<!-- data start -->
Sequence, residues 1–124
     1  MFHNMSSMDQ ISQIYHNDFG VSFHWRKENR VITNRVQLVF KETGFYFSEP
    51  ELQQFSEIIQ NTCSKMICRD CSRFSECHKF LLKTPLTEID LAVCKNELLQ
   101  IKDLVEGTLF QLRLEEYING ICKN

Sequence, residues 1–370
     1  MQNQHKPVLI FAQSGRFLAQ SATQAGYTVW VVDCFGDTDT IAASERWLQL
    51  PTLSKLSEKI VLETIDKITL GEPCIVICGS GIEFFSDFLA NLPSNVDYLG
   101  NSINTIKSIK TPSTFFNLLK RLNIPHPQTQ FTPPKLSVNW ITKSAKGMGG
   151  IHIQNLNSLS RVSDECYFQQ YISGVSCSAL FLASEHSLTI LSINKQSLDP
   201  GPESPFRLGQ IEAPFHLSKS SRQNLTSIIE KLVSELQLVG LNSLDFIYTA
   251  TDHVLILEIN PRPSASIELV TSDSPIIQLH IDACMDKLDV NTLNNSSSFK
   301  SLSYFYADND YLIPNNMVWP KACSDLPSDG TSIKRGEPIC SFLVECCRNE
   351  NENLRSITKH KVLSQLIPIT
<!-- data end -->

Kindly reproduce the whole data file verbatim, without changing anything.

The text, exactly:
Sequence, residues 1–124
     1  MFHNMSSMDQ ISQIYHNDFG VSFHWRKENR VITNRVQLVF KETGFYFSEP
    51  ELQQFSEIIQ NTCSKMICRD CSRFSECHKF LLKTPLTEID LAVCKNELLQ
   101  IKDLVEGTLF QLRLEEYING ICKN

Sequence, residues 1–370
     1  MQNQHKPVLI FAQSGRFLAQ SATQAGYTVW VVDCFGDTDT IAASERWLQL
    51  PTLSKLSEKI VLETIDKITL GEPCIVICGS GIEFFSDFLA NLPSNVDYLG
   101  NSINTIKSIK TPSTFFNLLK RLNIPHPQTQ FTPPKLSVNW ITKSAKGMGG
   151  IHIQNLNSLS RVSDECYFQQ YISGVSCSAL FLASEHSLTI LSINKQSLDP
   201  GPESPFRLGQ IEAPFHLSKS SRQNLTSIIE KLVSELQLVG LNSLDFIYTA
   251  TDHVLILEIN PRPSASIELV TSDSPIIQLH IDACMDKLDV NTLNNSSSFK
   301  SLSYFYADND YLIPNNMVWP KACSDLPSDG TSIKRGEPIC SFLVECCRNE
   351  NENLRSITKH KVLSQLIPIT